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The brother!

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The SL trio just.... *shakes head* I haven't been sold on it from the start and much prefer Ji-na's scenes when she's with DK and friends, but I fundamentally cannot stand Hyun-kyu (for reasons everyone has also noted, including this "date me because I claim you" nonsense) and I'm actually kind of disappointed that Kang Tae-oh would take a role like this after Run On. It's like a parallel universe warped version of episode 16 Yeong-hwa somehow. I'm both disappointed by kind of how similar the roles are in a weird way, but also how this character is a definite step down in terms of, well, character.

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I kind of like that he's an immature dick. Because some of them? That's just how they are. They peaked in high school/college, and just don't understand how to be mature. If he'd come back and immediately gone to Ji Na, telling her that he'd been a moron but had come back for her and wanted to make it work, then that would be significant. But he didn't. He just came back and put himself in her path, once again trying to make her initiate. He hasn't grown up.

The character in Run On was sort of the opposite, a guy who could be carefree but who actually wanted to tie himself down. He sort of put on the mask of being immature because he knew it made things easier for his partner, but when push came to shove? He made it clear that there was something much deeper in him and that he wanted that valued.

In contrast, all Ji Na sees is a guy who vanished for a decade and then came back demanding things from her, and he can eff right off. I have questions about how Joo Ik is handling this whole thing, but at least he hasn't been consistently awful

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I agree that when push comes to shove, Young-hwa (who was 23-24, younger than Hyeon-kyu) was someone strong-willed, principled, and understood the concept of self-respect for both himself and the people around him.

Hyeon-kyu here is 29. He's nice, but in many ways, self-centered and wishy-washy.

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In the hospital scene, the Goddess says "What is it that I want?". I was like please, YOU tell us what is it that you want because no one can figure it out!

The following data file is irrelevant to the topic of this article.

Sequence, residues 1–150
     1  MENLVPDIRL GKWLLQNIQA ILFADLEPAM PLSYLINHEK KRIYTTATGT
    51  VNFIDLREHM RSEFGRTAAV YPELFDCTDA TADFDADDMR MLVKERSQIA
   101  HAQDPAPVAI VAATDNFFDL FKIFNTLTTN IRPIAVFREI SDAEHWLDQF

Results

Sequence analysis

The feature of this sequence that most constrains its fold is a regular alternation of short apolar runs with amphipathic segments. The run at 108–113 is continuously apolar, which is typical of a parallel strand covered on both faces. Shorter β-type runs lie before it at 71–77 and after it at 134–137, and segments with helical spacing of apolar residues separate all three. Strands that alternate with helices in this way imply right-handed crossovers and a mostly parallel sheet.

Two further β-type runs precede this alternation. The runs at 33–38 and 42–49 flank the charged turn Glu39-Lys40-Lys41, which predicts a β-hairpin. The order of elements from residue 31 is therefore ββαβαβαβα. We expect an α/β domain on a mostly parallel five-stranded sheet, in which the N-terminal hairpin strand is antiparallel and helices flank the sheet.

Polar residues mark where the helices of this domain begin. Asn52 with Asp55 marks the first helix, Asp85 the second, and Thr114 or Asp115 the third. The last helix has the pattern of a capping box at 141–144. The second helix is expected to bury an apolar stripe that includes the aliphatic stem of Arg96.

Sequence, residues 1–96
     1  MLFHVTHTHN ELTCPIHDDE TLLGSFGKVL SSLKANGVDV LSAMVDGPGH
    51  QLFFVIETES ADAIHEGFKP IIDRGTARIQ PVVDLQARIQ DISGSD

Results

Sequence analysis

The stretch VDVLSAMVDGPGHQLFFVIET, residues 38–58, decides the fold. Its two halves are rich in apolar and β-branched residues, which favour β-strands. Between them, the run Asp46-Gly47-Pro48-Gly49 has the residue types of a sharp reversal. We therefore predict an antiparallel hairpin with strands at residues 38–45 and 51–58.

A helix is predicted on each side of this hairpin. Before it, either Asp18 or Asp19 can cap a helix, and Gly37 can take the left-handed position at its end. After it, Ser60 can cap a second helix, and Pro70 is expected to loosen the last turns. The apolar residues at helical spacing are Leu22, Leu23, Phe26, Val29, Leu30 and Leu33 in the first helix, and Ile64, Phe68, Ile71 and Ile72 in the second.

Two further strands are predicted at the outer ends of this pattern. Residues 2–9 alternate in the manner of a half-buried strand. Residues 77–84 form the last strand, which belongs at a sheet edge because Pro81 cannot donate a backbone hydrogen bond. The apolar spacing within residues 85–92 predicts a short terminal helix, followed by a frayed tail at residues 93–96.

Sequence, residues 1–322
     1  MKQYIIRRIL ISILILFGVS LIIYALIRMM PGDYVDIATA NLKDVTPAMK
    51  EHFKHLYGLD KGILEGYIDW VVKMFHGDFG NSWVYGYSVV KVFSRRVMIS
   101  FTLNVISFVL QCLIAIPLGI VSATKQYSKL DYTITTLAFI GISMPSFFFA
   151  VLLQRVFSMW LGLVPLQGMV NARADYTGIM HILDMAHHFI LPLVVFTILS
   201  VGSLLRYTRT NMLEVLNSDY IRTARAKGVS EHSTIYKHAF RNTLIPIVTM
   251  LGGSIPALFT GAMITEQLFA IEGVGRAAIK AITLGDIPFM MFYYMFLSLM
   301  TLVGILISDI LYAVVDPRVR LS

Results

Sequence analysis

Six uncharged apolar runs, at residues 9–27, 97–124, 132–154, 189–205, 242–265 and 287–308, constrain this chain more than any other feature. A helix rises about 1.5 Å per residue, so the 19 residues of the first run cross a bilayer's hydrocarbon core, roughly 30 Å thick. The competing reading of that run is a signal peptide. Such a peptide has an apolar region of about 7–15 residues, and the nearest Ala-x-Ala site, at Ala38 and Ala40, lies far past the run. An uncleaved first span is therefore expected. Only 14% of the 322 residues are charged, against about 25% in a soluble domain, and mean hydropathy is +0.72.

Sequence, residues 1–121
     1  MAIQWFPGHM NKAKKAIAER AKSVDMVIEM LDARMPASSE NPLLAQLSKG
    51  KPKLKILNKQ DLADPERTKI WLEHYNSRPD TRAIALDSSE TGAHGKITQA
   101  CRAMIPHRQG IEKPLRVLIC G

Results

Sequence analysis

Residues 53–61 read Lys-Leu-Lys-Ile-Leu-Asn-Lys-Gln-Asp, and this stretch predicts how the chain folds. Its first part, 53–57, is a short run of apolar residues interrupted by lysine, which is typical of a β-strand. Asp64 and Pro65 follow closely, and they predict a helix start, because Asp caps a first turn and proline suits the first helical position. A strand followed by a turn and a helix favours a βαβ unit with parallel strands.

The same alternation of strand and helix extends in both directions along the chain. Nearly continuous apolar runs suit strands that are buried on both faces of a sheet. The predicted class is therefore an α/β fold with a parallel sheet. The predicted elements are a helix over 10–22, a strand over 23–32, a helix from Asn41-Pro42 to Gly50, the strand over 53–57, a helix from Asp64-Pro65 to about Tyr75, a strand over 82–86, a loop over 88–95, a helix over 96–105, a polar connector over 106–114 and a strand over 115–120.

Also, Hyun Kyu is such a jerk. The sense of entitlement he has just because he liked her first is so off-putting. The reason behind him breaking up with Ji Na was also pretty stupid.

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It's not that different to understand, just look at the detail.

Myeol-mang just said the Goddess spends each lifetime sick as payment for the sins of the world. Watching the pool of blood on her bed, I am thinking she may sacrifice herself so that Myeol-mang become human and Dong-kyung can survive. When she see the pot plant sprout for the first time, she seems pleased, and she did said to Dong-kyung in the garden that she want people (which means, Dong-kyung included) happy.

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I found it kind of touching that she hid her illness from Myul Mang. They both know this happens to her, it’s been happening every twenty-ish years it sounds like, but she shields him from the reality of it.

Moms do that, and even though the goddess is the ultimate in tough love, she’s also still his mom. He grieves when she dies and doesn’t tell her, and she doesn’t tell him when she’s approaching death and getting really sick. Their relationship is pretty unimaginable, but on at least some level, they’re parent and child.

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Agreed. I’m probably one of the only ones, but I like the dynamic between SIG and Jung Ji So. I think she’s doing pretty well switching between her enigmatic and caring sides. She’s frustrating, but not completely annoying to me, kind of like Yoo Seung Ho’s Jade Emporer from Arang (though admittedly not nearly as entertaining as him).